I’ve read that the best way to write is to “write what you know” and although this seems the most accessible and natural way to write, I’ve also tackled a project about golf and life. Although I know about life, I’ve never played golf and am finding that “writing what you don’t know”, can be equally exhilarating. This book has my co-collaborator as the protagonist, as it is his story. It reads like fiction, yet is based on what he knows and what I don’t know, if that makes sense.

Q: What are your favorite publicity activities?

A: Because I love having conversations, I would have to say so far, number one is having radio conversations.  There are such a wide variety of people hosting interesting platforms and it seems there is room to have conversations about topics that interest and resonate with us all.

I’ve done everything from a Christian radio show to talk about monogamy, to a business show where the discussion took a U-turn when the host and I realized we had both transformed similar health challenges in our lives. Love the synchronicity of how that happens!

Q: Who are your favorite authors/poets?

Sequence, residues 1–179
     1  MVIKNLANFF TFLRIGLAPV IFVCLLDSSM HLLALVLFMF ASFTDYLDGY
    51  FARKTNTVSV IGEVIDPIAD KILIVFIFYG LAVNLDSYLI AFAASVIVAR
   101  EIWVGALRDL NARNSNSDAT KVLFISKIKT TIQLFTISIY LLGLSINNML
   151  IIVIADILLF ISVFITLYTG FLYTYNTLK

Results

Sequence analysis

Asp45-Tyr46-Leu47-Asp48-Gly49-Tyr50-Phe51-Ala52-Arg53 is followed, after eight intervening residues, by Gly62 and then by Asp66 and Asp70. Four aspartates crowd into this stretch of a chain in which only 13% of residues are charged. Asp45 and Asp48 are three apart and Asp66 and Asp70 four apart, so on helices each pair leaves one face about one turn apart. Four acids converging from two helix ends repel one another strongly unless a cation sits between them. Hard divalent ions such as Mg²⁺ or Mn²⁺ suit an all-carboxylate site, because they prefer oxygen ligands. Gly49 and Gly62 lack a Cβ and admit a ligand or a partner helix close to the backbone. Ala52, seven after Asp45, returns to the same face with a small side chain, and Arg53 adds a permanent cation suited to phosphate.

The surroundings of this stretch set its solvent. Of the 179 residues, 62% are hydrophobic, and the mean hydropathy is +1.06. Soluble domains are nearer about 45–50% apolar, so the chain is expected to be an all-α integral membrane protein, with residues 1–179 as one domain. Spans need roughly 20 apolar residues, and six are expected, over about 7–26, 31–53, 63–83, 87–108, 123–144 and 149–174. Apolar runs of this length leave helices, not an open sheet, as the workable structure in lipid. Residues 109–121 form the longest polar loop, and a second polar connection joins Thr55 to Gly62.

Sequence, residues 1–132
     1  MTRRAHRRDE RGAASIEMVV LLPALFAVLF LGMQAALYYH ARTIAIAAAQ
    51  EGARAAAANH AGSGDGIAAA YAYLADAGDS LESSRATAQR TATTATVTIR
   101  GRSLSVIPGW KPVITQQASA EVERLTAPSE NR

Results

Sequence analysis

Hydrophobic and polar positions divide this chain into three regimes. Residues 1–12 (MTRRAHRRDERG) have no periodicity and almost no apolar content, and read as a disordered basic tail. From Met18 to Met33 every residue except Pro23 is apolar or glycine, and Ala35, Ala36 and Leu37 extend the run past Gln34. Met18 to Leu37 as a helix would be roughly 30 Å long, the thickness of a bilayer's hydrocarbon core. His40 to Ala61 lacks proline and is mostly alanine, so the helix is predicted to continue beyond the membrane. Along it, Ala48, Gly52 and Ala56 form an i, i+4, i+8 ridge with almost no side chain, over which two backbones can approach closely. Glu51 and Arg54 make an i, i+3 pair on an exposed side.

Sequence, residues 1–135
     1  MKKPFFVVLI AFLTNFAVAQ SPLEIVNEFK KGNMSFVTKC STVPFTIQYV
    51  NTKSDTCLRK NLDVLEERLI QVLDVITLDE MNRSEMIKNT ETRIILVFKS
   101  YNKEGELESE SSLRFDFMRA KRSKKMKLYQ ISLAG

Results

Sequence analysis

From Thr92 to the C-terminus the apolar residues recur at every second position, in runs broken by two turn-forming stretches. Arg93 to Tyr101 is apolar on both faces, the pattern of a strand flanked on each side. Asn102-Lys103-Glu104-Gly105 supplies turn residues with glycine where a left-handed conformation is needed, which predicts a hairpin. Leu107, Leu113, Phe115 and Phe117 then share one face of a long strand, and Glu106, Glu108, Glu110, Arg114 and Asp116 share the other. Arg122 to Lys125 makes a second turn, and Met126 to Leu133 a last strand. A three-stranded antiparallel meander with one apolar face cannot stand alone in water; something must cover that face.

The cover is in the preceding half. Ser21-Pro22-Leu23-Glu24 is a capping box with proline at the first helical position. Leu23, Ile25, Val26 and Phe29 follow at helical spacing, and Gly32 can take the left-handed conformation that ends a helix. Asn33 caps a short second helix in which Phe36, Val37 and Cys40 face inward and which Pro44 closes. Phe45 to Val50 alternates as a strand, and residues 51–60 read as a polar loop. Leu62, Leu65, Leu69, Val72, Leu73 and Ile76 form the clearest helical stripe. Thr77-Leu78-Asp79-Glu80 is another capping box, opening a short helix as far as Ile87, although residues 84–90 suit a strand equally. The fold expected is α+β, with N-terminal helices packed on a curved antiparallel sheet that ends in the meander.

A: One of my favourite authors is Steven Pressfield. Mainly his non-fiction books. I can only encourage anyone who is creating or wanting to create something meaningful out in the world (which means everyone), to read Steven’s outstanding book, The War of Art.  Simply brilliant and once you read it, you will understand why. His follow-up books to The War of Art, are equally incredible reads. 

I’ve also enjoyed reading Seth Godin, especially Tribes, although all his writing strikes a chord and resonates for me. 

Q: What is your most embarrassing writer moment?
A: This would have to relate to an article I wrote about finding your authentic swing in golf and in life. I included a quote from Steven Pressfield’s golf classic The Legend of Baggar Vance and when I sent the piece to Steven to read, he quickly sent me a very lovely and supportive note, letting me know that this quote did not actually appear in the book, but was only in the movie, whose screenplay was written by another writer, not him.  Yikes!  Talk about embarrassing, however, he was very gentle and I learned a great lesson, which he offered to me about double and triple checking sources - a key to maintaining your integrity as a writer. 

Q: What is your writer's life philosophy?
A: This is a great one for me to end on.  When people ask about process, I am happy to say that my process has to do with trusting having no describable process. Inspiration and trusting the muse are very important to me as a writer. 
Sometimes I wonder when the inspiration will strike again, and when it does, it always surprises and enlivens me. When the words, and sometimes seemingly unconnected ideas flow, I acknowledge that I’m writing from a place of pure creativity, and have gotten out of my own way to let something magical happen.
I’ve learned to go with what works for me as an individual, something I would encourage all writers and creative people to do. Find what works for you and trust it!